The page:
Emotional Intelligence Summary

Within this summary, I will discuss the Maetrix Emotional Intelligence Test (MEIT), (Discover, 2013), what I learned about myself, how this knowledge will help me to become an effective manager, and discuss supporting evidence. The MEIT and Four Quadrants The MEIT is a 40 question self-assessment based on the Emotional Intelligence model introduced by Daniel Goleman (Discover, 2013).

Goleman’s model contains four quadrants, which are indicators of our abilities to understand our own emotions and those of others (Emotional, 2013). Self-Awareness is correct self-assessment and having confidence in our own emotions (Emotional, 2013). Social Awareness is recognizing the emotions of others, as well as having the ability to empathize (Emotional, 2013). Self-Management is having self-control and drive of our own accord (Emotional, 2013). Finally, Relationship Management is having the ability to develop others, work in teams, and manage conflict (Emotional, 2013).

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Personal Results A score of ten in each of the four quadrants on the MEIT is possible. I scored an eight in Self Awareness, eight in Relationship Management, and tens in both Self-Management and Social Awareness. From these results, I conclude that I need to learn more about my own emotions and develop confidence, so that I may then become a confident leader who can help others. These two quadrants of Self Awareness and Relationship Management work together, so these results make sense.

For example, if I had to lead a department in an organization, and hid in my office everyday because I didn’t like public speaking, then I wouldn’t be a very effective leader. However, if I held daily morning meetings with my department, set forth the day’s goals, resolved conflicts, and gave motivational incentives to my employees, then my chances of being an effective leader are drastically higher. Supporting Evidence A study by Zareini Hosein and Ahmad Yousefi (2012) surveyed a group of managers and supervisors of food companies to determine if emotional intelligence had an effect on the agility for change in the workplace.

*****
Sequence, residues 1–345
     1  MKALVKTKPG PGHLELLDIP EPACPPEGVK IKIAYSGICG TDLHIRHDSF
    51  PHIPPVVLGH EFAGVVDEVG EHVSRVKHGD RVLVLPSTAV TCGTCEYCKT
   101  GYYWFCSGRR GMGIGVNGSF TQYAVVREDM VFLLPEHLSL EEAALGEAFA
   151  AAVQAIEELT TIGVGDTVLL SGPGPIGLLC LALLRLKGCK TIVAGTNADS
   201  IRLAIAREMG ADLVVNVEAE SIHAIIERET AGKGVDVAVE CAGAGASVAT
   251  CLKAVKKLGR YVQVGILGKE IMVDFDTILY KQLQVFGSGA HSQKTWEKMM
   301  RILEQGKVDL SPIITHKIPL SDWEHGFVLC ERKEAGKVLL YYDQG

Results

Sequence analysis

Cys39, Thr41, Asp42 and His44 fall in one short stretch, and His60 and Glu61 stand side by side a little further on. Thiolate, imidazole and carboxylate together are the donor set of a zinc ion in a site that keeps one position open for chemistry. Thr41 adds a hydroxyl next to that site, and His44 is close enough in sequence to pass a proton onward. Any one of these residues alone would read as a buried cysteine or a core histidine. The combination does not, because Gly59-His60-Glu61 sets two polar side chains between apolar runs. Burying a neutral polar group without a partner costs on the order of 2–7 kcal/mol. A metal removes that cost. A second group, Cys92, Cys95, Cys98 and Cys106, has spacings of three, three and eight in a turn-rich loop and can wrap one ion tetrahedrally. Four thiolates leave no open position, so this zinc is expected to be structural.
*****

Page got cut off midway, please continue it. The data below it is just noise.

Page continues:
Their results indicated that factors such as self-awareness, control, and motivation had a larger effect on workplace agility than even greater factors like relationship management or empathy (Hosein, 2012). The study is an indicator that we must first work on our individual selves to develop a higher level of emotional intelligence in regards to self-awareness before we can expect to lead effectively in an organization. In regards to relationship management, Parthasaranthy (2009) states that “a leader’s degree of success is directly proportional to the level of emotional intelligence attained by the leader”.

This is because that leader has many tasks when working with fellow co-workers and must be able to handle these tasks with ease; objective decision making, managing conflict, continual motivation, as well as managing the ever-changing social, political, technological, and economic changes (Parthasaranthy, 2009). Without proper self-awareness and relationship management skills, it is nearly impossible to navigate and be a successful leader in today’s complex work environment. References

Discover your level of El. (2013). Retrieved from: http://www. maetrix. com. au/meit/eitest. html Emotional intelligence. (2013). Retrieved from: http://www. maetrix. com. au/EI. ASP Parthasarathy, R. (2009). Emotional intelligence and the quality manager. Journal For Quality & Participation, 31(4), 31-34. Zardeini Hosein, Z. , & Yousefi, A. (2012). The role of emotional intelligence on workforce agility in the workplace. International Journal Of Psychological Studies, 4(3), 48-61.